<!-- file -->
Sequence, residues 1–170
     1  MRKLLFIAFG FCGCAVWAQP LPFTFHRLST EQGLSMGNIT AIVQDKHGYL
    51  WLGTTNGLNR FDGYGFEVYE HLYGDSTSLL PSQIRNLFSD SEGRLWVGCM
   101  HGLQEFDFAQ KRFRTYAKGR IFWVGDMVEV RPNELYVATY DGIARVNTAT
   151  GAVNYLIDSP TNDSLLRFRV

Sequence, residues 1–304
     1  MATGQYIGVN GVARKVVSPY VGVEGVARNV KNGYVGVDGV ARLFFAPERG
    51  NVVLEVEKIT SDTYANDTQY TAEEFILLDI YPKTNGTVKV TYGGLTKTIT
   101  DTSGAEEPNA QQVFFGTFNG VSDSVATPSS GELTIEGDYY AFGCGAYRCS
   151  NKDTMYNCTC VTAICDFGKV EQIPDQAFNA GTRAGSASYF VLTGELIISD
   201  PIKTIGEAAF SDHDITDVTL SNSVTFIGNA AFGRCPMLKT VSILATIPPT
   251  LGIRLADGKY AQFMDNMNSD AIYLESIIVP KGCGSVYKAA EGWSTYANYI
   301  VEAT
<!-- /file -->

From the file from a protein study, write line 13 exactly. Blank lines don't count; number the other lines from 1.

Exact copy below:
   301  VEAT